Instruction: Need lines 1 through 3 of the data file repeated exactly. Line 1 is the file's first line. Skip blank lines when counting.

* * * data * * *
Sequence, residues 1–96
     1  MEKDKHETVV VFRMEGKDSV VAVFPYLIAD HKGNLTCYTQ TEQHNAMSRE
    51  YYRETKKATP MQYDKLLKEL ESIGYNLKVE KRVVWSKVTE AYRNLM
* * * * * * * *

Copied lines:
Sequence, residues 1–96
     1  MEKDKHETVV VFRMEGKDSV VAVFPYLIAD HKGNLTCYTQ TEQHNAMSRE
    51  YYRETKKATP MQYDKLLKEL ESIGYNLKVE KRVVWSKVTE AYRNLM